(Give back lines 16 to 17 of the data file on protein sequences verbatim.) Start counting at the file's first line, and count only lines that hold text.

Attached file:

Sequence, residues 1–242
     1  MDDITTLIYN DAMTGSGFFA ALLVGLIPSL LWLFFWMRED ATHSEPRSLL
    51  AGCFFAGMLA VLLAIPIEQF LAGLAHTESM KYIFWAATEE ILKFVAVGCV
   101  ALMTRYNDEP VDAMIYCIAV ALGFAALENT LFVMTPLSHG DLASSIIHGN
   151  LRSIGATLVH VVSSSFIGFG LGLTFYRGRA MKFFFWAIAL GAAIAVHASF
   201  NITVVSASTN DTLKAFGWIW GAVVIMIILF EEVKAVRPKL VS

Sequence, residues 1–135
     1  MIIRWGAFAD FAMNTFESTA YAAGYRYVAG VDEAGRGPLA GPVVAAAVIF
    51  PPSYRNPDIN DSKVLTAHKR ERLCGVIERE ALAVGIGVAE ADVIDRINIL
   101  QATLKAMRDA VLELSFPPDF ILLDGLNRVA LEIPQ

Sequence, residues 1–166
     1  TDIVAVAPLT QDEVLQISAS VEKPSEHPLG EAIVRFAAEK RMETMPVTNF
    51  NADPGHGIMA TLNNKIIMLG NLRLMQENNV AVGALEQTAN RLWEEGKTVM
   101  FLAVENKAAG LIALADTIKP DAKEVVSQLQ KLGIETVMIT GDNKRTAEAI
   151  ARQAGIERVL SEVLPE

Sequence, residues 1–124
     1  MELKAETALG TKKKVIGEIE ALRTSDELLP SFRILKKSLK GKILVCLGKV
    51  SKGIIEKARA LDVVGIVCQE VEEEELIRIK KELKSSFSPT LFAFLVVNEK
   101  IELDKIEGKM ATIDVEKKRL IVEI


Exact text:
Sequence, residues 1–124
     1  MELKAETALG TKKKVIGEIE ALRTSDELLP SFRILKKSLK GKILVCLGKV